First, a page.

The other grant available is called ‘Chrysalis Fund’ and comes from the London Borough of Hillingdon’s Environment budget. Bids are invited, to use Capital available from an annual fund of £250,000 in the Ruislip / Northwood Constituency. The idea is to invite proposals, which are not part of the Council’s routine maintenance programme, but will be a project, which will improve our local environment. I have already applied for two, and hopefully they will be considered at the next meeting. They are, suitable barrier fencing on the common land at the corner of Cuckoo Hill and Chamberlain Way, bordering Raisins Hill (to prevent fly tipping) and a clean up of the area surrounding the tributary in to River Pinn, behind the flats in Haydon Drive. If anyone has some good ideas, along these lines to improve Northwood Hills, then your local Councillor will be supportive in putting the bid together and submitting it to the right department. If we don’t ask, we don’t get! Other Residents Association have been successful in getting their voices heard and their area has improved in appearance as a result.

Cllr. David Bishop

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WEB SITE

Don’t forget to look at our web-site www.northwoodhills.co.uk from time to time, it is updated regularly and we would welcome suggestions about content. If you have any contributions or comments please contact Ray Krystofiak on 020 8866 3241 who will be pleased to hear from you.

Ray Krystofiak

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WHAT’S ON AT St. EDMUND’S

Spring is always a busy time of the year - and nowhere is that more true than in the life of the Christian Church. Easter is of course one of the major festivals of the Christian year, where we mark the trial and execution of Jesus Christ, and celebrate His subsequent glorious resurrection. Elsewhere a similar story of re-birth is seen in the natural world, as plants and animals emerge from their winter dormancy, and in our own lives and homes, as our thoughts turn to spring cleaning, unearthing the lawn mower from its entombment in the recesses of the shed, and stocking up at the garden centre.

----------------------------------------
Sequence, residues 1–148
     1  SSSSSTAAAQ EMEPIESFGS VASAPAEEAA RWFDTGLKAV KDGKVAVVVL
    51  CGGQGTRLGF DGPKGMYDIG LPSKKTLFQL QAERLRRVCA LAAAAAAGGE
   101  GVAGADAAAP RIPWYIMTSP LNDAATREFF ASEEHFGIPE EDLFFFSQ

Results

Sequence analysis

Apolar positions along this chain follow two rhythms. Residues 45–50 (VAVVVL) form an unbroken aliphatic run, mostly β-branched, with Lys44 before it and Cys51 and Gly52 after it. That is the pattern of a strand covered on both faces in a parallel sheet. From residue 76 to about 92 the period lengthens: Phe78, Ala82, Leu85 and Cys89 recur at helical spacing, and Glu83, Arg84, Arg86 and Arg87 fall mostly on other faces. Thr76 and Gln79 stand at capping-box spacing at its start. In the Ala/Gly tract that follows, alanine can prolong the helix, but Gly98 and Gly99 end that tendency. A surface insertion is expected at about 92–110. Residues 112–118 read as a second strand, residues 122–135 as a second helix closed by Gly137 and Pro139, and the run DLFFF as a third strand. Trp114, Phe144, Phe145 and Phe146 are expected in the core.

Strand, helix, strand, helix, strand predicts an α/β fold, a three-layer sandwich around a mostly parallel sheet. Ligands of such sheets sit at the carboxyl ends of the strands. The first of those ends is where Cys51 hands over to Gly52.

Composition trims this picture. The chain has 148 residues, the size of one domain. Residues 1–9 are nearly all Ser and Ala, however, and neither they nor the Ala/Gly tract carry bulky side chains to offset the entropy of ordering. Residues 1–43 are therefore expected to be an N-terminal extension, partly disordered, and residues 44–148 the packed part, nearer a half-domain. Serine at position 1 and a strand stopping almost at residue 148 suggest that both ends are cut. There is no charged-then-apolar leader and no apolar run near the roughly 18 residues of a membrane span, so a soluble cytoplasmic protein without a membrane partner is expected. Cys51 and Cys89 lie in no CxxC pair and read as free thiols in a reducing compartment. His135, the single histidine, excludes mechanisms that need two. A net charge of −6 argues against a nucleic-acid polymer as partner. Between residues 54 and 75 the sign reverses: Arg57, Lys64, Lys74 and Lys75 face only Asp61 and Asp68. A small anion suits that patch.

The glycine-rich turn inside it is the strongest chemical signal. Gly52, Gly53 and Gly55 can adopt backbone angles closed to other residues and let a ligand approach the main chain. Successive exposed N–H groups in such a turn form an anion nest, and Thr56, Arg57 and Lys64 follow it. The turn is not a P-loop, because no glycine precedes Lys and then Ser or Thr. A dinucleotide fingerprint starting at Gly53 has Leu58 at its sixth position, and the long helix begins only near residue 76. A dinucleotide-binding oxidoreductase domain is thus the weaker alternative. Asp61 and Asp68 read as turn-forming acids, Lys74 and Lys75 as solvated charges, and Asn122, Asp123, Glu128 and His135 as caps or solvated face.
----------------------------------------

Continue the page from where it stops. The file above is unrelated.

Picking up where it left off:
Naturally, the most important events at St. Edmund’s Church are the services, where the public worship of God is conducted according to the pattern of the Church of England. The Easter season starts on Sunday 30 March, halfway through Lent, when we celebrate Mothering Sunday. The children of ‘Spectrum on Sunday’ (our Sunday School) are all given flowers to present to their Mothers. The service is also Church Parade for our very active Scouts, Cubs, Beavers, Brownies and Rainbows.

The following Sunday is called Passion Sunday. It is from this day that the Church concentrates of the suffering through which Christ passed - hence ‘passion’ - before His crucifixion. From this day until Easter, all decorations in the Church are veiled in purple (the colour of the penitential season of Lent), as a sign of the solemnity of the season. In recent years, the St. Edmund’s Choir have provided a service of music for Passiontide, and this year’s service, at 6.30 pm on Sunday 6 April, will feature music by Fauré, including his ‘Requiem’.

On Sunday 13 April, Holy Week starts with Palm Sunday. It is on this day that we celebrate Christ’s entry into Jerusalem, which was greeted with great joy by the ordinary people of that city, waving palm branches and laying them in his path as a sort of ‘red carpet’. To mark that occasion, at the start of the 10 am service we have the traditional procession carrying palms around the Church grounds.

The Maundy Thursday service commemorates the Last Supper, where Christ broke bread with His disciples for the last time. On Good Friday there is a series of services, starting at 12 noon, during which we give thanks for Christ’s sacrifice upon the Cross. The following day, Holy Saturday, is a day of preparation. The Church is re-decorated, flowers are prepared, silver is polished, and in the evening at 8 pm there is a service that is the beginning of the celebration of the resurrection of Christ. It includes the lighting of the Paschal Candle, renewal of Baptismal vows, and the first Thanksgiving (‘Eucharist’) of Easter.

On Easter Sunday, 20 April, the 10 am service is the confirmation that Christ is indeed risen - there is a procession to the Easter Garden, the Church is filled with flowers, the Paschal Candle is in its place atop a pillar of Easter lilies. The Easter season continues through to Ascension Day (29 May) and Pentecost (8 June0, when there are also special services.

Apart from worship, our regular programme of Classic Concerts continues - on Sunday 11 May at 3.30 pm there will be piano music, including works by Ravel and Dvorak, played by Isabel Beyer and Harvey Dagul, and on Sunday 29 June at 7.30 pm there will be a Supper Concert of music by Schubert, played by Vivien Banfield (piano) and the Caspian String Quartet. Tickets for both these concerts are available from 020 8866 4610 (see also the green handbill enclosed).